Highlights of Pennsylvania’s budget agreement

The Associated Press

Highlights of a bipartisan spending plan for Pennsylvania state government’s 2017-18 budget year that starts Saturday:

FILE - This Wednesday, Oct. 7, 2015, file photo shows the Pennsylvania Capitol building in Harrisburg. (AP Photo/Matt Rourke)


—Increases spending through the state’s main bank account to $32 billion. Approves about $870 million, or almost 3 percent, in spending above the last enacted budget of just over $31.5 billion, including approximately $400 million to go on the just-ending fiscal year’s books. Otherwise, increases spending $54 million, or 0.2 percent.

—Lacks legislation to fund it and requires more than $2 billion in yet-to-be-identified cash to balance, according to lawmakers.



— Plans to merge the Department of Corrections and Pennsylvania Board of Probation and Parole into a new Department of Criminal Justice.

— Plans to merge the Human Services and Health departments, but keep the Aging and Drug and Alcohol Programs departments separate.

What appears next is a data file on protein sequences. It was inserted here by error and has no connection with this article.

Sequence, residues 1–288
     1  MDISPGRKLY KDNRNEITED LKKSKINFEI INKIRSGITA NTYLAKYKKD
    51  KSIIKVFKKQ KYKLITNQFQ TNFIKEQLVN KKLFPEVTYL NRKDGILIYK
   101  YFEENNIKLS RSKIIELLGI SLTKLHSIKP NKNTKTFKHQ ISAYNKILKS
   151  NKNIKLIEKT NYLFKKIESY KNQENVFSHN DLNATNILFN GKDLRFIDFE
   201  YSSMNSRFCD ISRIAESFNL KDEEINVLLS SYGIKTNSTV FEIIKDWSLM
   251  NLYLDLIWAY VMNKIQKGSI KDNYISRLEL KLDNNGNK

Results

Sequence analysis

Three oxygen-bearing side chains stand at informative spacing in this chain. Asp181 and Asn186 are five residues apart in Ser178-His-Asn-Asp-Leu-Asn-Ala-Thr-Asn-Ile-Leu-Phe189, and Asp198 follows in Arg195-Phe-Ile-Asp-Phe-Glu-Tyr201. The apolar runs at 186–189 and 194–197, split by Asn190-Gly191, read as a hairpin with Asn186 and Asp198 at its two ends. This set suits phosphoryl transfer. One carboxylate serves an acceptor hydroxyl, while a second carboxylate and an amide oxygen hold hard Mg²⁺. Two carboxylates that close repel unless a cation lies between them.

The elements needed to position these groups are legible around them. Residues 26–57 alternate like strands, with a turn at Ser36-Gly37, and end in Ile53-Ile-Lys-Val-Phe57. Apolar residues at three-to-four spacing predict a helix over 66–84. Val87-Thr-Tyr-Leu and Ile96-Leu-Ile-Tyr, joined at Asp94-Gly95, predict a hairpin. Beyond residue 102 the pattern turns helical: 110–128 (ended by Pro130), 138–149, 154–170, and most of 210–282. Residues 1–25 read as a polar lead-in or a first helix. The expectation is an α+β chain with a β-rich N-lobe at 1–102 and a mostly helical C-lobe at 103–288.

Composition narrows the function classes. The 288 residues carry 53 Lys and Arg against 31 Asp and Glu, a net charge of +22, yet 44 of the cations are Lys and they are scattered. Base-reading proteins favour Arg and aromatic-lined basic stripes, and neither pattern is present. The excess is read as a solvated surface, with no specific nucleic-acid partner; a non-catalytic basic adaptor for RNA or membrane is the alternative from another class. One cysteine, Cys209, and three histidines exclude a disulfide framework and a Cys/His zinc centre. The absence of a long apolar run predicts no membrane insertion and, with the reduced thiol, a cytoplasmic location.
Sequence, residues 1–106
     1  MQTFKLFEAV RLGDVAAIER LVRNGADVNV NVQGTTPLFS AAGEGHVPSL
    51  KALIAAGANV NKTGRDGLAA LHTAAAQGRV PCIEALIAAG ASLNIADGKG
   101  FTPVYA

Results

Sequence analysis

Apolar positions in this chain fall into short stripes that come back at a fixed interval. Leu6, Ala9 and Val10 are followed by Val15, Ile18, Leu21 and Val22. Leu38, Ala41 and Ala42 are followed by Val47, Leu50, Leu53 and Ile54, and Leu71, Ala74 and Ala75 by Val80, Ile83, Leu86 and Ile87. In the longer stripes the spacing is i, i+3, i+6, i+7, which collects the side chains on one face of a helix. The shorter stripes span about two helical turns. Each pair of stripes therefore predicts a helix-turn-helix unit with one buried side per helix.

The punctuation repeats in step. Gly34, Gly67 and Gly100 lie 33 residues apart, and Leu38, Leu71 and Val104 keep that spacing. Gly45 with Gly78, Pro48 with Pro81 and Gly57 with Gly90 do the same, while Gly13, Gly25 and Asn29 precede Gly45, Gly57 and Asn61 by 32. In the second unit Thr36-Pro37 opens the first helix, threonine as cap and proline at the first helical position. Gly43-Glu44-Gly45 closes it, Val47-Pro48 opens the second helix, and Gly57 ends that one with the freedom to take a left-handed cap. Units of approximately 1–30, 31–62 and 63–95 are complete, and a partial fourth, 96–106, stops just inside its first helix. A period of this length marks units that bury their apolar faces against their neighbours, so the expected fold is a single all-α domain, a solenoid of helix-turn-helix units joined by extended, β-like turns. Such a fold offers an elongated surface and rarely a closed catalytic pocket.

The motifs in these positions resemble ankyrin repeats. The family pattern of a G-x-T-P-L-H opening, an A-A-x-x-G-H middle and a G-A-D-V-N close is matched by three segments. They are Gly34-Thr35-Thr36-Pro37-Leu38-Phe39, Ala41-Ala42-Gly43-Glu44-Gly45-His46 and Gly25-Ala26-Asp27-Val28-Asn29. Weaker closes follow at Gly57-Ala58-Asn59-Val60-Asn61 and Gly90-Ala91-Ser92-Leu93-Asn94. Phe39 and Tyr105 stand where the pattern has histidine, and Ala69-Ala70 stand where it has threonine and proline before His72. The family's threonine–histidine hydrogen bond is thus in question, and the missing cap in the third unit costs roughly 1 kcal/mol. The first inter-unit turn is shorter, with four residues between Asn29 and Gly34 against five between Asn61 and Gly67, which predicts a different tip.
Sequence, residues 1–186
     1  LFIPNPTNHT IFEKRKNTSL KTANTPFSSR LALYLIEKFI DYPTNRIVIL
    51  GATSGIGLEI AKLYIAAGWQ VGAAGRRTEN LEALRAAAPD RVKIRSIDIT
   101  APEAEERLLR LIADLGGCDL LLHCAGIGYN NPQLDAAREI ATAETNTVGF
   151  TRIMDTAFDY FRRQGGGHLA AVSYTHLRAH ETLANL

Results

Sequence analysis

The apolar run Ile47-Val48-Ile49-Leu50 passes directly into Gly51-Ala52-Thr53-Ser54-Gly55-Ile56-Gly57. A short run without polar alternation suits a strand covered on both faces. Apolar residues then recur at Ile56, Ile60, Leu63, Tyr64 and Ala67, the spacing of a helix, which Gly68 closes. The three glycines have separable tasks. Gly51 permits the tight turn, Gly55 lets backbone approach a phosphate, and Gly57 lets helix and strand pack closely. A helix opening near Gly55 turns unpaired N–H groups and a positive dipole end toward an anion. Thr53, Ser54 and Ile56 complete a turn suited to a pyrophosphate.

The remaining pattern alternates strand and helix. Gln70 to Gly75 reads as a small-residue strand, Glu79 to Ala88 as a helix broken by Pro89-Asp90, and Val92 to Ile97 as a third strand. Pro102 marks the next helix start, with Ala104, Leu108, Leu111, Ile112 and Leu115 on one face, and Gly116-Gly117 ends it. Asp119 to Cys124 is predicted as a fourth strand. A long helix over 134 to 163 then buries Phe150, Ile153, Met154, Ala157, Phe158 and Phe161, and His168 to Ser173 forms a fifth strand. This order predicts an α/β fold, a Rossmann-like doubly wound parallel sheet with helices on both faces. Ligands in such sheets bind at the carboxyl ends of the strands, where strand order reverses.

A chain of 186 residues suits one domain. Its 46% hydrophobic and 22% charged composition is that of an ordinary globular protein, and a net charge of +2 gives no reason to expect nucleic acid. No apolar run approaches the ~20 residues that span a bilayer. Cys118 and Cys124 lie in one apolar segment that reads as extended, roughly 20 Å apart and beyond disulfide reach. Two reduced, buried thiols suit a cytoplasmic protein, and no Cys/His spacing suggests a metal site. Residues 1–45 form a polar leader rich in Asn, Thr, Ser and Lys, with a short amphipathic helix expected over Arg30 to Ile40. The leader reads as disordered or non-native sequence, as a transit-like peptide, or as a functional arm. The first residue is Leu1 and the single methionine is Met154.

— Increases aid for public school operations and instruction by $100 million, an increase of nearly 2 percent to $6 billion.

— Increases early-childhood education funding by $30 million, an increase of 15 percent to $226 million.

— Increases special education funding by $25 million, an increase of 2 percent to above $1.1 billion.

— Increases state-owned university aid by $9 million, an increase of 2 percent to $453 million; otherwise holds higher education funding flat at $1.6 billion.



— EDUCATION: Grows 3.5 percent to $12.2 billion.

— HUMAN SERVICES: Cut 2 percent to $12.1 billion.

— PRISONS AND PAROLE: Cut by less than 1 percent to $2.5 billion.

— COURTS: Held flat at $355.5 million.

— GENERAL ASSEMBLY: Grows 5 percent to $325 million.

— ENVIRONMENTAL PROTECTION: Cut by less than 1 percent to $148 million.

— ATTORNEY GENERAL’S OFFICE: Held flat at $96 million.